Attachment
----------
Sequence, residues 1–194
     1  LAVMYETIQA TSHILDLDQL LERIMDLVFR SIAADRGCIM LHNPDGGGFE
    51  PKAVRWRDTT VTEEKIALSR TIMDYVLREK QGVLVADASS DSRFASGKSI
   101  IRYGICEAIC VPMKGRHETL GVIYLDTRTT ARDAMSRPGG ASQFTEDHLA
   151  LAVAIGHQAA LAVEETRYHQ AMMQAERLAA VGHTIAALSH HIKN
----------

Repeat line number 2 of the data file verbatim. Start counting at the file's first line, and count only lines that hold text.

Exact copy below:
     1  LAVMYETIQA TSHILDLDQL LERIMDLVFR SIAADRGCIM LHNPDGGGFE